Monday, August 18, 2008

Scooba Love

If I were a poet or had a link to a really good rhyming dictionary I would constantly be composing odes to inanimate objects. The latest in my collection?

The lovely, blue Scooba aka the Roomba's louder, slower friend.

What? Your inanimate objects don't forge human type bonds!? How dull ;)

Everyone always mentions how noisy the Scooba so I was expecting the audible equivalent of running a Roomba on hard wood. Nope. This thing sounds like a sander and would probably wake downstairs neighbors. Of course if they didn't want to be woken at your convinience they would live on a higher floor. Your right to wake them is implicit.

But back to the Scooba.

It rides very low to the ground. Unlike my intrepid Roomba which routinely scales the bottom shelf of bookcases, the Scooba is blocked by a regular old bevelled door jam - the kind of thing you don't even stub a toe on. This is handy because I don't need to set up any D battery sucking virtual walls or run around closing doors.

iRobot recommends running the Scooba with only water, water mixed with white vinegar or a special Clorox solution. Ever the pragmatist I've been running it with plain water and its passed my barefoot "Is it clean?" test. Eventually I'll run it with vinegar but only because I enjoy the smell - not because I think the floors should be cleaner.

Everyone always remarks on how much dust the Scooba pulls up. Let me tell you - I live across from a park and have bay windows with a ceiling fan. I was expecting dust. I was not expecting sludge. The first time the Scooba ran through the living room it had been about 4 (ok, 9) days since we mopped. I wish I'd taken a picture cause that stuff was rank and I love grossing people out ;)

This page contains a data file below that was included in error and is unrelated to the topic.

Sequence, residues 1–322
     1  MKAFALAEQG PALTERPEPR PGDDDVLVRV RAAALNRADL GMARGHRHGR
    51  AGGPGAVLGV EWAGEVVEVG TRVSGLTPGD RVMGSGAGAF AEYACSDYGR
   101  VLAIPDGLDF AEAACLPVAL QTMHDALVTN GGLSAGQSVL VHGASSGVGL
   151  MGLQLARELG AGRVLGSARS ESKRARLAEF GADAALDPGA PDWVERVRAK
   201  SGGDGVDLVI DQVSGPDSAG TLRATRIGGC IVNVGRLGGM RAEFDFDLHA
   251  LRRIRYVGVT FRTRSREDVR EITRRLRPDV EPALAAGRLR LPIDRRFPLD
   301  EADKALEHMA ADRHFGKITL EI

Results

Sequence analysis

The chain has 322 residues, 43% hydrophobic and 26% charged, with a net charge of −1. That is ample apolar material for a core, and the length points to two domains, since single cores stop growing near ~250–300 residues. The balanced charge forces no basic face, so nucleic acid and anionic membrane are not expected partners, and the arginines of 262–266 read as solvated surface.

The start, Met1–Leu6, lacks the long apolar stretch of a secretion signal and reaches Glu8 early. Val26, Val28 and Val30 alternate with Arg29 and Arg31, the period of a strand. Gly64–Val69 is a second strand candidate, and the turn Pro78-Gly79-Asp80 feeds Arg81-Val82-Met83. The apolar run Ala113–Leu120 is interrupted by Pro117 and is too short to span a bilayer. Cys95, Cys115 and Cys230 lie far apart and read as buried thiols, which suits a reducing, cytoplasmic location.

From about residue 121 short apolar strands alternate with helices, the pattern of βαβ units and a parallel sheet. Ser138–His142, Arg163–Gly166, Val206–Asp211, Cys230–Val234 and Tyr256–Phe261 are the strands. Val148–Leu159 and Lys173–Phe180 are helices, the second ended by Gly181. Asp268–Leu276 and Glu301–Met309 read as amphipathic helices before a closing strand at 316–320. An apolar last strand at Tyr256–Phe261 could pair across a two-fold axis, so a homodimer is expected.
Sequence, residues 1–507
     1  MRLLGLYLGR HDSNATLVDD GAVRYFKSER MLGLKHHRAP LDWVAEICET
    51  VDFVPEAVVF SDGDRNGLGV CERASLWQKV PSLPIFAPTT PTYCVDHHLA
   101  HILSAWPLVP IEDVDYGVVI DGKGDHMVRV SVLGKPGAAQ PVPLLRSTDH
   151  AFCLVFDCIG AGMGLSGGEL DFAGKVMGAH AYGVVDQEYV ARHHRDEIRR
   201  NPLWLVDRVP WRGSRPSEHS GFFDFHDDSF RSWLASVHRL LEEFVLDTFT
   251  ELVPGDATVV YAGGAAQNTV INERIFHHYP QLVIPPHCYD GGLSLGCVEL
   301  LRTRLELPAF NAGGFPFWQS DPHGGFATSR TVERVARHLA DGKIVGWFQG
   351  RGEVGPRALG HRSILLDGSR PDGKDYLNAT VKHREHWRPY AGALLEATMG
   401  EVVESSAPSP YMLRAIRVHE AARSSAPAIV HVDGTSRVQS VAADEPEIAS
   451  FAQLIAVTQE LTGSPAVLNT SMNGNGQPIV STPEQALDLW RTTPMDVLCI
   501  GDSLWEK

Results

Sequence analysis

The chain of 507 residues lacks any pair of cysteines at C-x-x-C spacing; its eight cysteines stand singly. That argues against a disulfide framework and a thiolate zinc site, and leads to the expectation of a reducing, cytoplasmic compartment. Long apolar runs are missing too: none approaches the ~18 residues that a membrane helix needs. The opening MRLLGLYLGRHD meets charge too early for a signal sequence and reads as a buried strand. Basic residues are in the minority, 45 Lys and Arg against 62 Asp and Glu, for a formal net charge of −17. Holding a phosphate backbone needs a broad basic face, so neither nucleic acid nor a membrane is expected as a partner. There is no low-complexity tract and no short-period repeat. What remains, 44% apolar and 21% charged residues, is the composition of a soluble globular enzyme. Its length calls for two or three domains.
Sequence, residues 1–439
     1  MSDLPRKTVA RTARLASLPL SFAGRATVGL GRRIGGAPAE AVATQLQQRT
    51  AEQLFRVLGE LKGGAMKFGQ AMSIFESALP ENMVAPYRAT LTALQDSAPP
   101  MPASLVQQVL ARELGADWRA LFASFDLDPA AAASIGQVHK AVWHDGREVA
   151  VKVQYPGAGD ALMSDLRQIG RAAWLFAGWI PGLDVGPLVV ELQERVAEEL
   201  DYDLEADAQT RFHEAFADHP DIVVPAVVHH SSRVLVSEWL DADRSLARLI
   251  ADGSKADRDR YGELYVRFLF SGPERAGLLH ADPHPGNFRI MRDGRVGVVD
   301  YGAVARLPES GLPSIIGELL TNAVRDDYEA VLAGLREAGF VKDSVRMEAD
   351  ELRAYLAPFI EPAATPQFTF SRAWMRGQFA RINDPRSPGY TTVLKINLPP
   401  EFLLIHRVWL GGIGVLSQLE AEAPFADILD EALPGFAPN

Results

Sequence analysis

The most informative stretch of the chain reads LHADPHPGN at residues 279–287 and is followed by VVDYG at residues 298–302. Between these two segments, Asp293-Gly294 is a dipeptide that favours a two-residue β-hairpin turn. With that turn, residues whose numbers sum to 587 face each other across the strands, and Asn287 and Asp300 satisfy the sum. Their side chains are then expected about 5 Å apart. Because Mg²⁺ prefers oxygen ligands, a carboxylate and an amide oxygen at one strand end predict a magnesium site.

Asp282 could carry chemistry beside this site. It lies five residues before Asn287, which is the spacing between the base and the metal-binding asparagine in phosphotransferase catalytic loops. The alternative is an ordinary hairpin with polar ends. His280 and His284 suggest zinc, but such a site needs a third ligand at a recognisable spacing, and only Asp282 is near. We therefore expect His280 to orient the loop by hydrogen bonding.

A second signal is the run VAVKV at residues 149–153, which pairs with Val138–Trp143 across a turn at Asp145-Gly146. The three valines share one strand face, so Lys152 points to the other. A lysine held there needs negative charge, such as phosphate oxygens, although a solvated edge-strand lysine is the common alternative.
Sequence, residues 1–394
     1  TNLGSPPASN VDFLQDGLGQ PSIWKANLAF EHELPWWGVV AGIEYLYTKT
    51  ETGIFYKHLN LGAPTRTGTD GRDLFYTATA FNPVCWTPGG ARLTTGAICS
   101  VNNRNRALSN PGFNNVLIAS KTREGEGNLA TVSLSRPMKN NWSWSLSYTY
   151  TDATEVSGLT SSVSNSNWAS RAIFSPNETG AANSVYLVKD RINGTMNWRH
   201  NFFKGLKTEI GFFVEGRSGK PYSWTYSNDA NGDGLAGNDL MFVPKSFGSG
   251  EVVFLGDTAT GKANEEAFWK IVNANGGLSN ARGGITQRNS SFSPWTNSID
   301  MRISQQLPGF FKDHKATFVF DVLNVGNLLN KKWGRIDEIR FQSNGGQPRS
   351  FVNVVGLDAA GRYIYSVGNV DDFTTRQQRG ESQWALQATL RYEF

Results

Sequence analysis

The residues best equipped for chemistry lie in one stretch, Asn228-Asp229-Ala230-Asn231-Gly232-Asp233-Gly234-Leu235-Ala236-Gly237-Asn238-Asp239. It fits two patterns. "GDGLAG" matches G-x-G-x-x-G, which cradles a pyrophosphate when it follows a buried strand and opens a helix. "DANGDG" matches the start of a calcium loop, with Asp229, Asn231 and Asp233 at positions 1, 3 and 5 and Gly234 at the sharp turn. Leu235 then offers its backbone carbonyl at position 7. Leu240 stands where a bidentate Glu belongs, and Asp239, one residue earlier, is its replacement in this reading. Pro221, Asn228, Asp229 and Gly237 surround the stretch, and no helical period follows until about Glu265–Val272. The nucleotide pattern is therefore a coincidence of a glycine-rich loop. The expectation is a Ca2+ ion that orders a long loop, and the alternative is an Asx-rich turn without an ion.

The Roomba taught me patience. The Scooba redefined it. I'm used to the Roomba propelling itself into the nearest wall at the push on a button. The Scooba lazily expands a concentric route until reaching a wall, then wanders along until it runs out of clean water or power (usually clean water). Its just as mesmerizing to watch and the wet snail-like trail it leaves behind is a a pure study in physics and electronics.

Hrm what rhymes with physics and electronics cause this is starting to sound like a rambly ode...

A final point - the Scooba is infinitely easier to clean than the Roomba. My roommate and I both have long, curly hair. An average Roomba run leaves me with 5-10 minutes of bristle cleaning. The Scooba had far less to clean and was easier to break down and reassemble. I just pop off the dirty water tank and empty it while trying really hard not to look at it (delusion and all), then rinse off the intake hose, squeege and filter. The whole thing takes less than five minutes.

Yesterday I had the Roomba running in the bedroom while the Scooba lazed around the living room. My home was a cacophony of productivity and I had the most minimal involvement.

FTW!

Hrm final point - take two. Scoobas are expensive so keep an eye on craigslist. It took me almost two months to snag one for $100. Roombas, by comparison, are a lot easier to find. I lucked out and picked mine up for $50 back in winter and have been happily glowing since. If you are anti-craigslist or prefer to buy everything new Linens and Things sell them and you can use one of their ubiquitious 20% off coupons to save a few bucks.

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